Manor – Texas ghost towns have a lore of their own. Stories of the Old West and a connection to the past makes these sorts of places the perfect stop to ponder what life was like in the good ole days. In the ghost town of J. Lorraine, just off of 290 in Manor, you won’t find hardcore history because this place is here just for fun.
“Before I retired, I started the ghost town,” George T. Richards said.
George is about as much a cowboy as his town deserves a historical marker.
“I wear a cowboy hat, but I’m afraid of horses,” George said. “ They could step on you.”
For some reason, he really likes old western towns. George’s family moved to San Antonio when he was a young boy, and after getting his degree at Texas State University, he went on to serve in Navy.
“At one point I was on the flight deck of the USS Independence, we were off the coast of Florida, and we watched one of the Apollo rockets,” George said. “I felt like singing The Star Spangled Banner, or something. So here I’m on an aircraft carrier watching a moon rocket go up.”
Eventually he went on to work for the Texas Attorney General’s office as a system analyst, but before he retired, he took to the town, his own town. He began building everything on this 15-acre estate.
“My mantra was, at least one more board a day,” George said. “Every day I would come out, on the weekends. I would come out and just keep adding to it.”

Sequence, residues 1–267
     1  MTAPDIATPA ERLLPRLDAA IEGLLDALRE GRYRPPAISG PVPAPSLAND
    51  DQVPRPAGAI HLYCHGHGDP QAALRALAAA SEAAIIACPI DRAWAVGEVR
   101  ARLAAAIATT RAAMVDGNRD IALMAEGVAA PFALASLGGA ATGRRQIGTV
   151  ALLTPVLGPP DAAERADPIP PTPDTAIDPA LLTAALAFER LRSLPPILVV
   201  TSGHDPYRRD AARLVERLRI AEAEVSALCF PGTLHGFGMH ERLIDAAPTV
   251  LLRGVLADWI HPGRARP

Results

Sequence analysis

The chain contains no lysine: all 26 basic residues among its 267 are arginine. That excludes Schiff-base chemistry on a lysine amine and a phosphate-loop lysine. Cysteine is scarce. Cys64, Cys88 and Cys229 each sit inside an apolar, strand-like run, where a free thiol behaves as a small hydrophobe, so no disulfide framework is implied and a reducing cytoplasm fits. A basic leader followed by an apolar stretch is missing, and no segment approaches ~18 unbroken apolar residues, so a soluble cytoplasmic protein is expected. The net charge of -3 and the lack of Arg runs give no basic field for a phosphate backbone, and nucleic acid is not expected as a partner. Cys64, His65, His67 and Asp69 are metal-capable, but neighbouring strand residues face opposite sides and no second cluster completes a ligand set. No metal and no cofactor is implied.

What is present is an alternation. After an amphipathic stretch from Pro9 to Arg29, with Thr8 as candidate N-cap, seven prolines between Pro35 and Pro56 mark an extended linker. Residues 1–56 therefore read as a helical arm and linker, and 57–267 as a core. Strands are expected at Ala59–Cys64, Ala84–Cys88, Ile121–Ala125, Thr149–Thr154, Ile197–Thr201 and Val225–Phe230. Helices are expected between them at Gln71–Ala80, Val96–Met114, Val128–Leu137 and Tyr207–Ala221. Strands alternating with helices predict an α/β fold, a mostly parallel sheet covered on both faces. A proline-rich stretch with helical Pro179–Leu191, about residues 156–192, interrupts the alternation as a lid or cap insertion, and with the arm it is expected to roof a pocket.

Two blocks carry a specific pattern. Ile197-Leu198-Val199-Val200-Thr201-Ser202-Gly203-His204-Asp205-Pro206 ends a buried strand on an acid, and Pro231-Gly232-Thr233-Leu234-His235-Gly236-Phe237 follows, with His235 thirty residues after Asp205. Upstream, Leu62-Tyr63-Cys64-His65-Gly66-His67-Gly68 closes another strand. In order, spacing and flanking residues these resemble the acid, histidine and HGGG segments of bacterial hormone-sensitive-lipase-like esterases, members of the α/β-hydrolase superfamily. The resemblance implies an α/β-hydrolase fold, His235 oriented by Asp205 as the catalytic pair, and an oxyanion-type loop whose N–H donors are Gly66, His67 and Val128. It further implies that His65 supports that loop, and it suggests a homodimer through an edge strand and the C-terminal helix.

Since he was not a craftsman by trade, there were a few learning curves.
“I will say I wasn’t a carpenter, and whatever I’m doing wrong, I’m really good at it now, ’cause I keep doing it the same way,” George said.
He kept on hammering and gave his retro retirement community a name that was close to his heart.
“I named it after my daughter, Jennifer Lorraine,” George said. “It’s J. Lorraine, Texas.”
20 buildings make up the majority of J. Lorraine, and each little corner has its own unique characteristic about it. It’s as if each little part of the place could tell a story of its own.
“I thought I was gonna make a big western perimeter, and in the middle would be the bar and the dance hall area,” George said. “Then I started that front façade and I realized that I didn’t know what I was doing.”
All kidding aside, the most common theme you’ll find in these parts is a place to pop a top.
“That just happens to be,” George said. “This is a bar town, I guess. Every other building’s a bar I guess.”
What exactly would convince a man to build his own world, his own reality? Well, he just wanted his own magical place.
“I remember as a kid, I was watching TV and this guy would come on T.V., and he had built a place that had Adventureland, Tomorrowland, Frontierland … It was Walt Disney,” George said. “And it stunned me as a kid that grownups would build something that was just for fun. I thought, ‘Wow, that’s pretty neat. When I grow up, I’m gonna build something just for fun.’ So this is my little tiny Disney World.”
J. Lorraine is open to the public and has a maze, a theater, and all sorts of places to explore. What you won’t find here are ticket booths. This small world comes with a small price: Free.
“I always say we’re kind of desolate out here, and we have been,” George said. “It’s hard enough to get people to come out anyhow, so if I charge them to come in, I don’t know if I’d have many people anyhow.”
Walt Disney once said that the real trouble with the world is that too many people grow up. For a guy like George, well if the boot fits. Exploring J. Lorraine is well worth a stop on the Texas Bucket List.
“Well, I’m glad y’all stopped by, and get anybody else who wants to stop by to an old western town, we’d be glad to have them,” George said.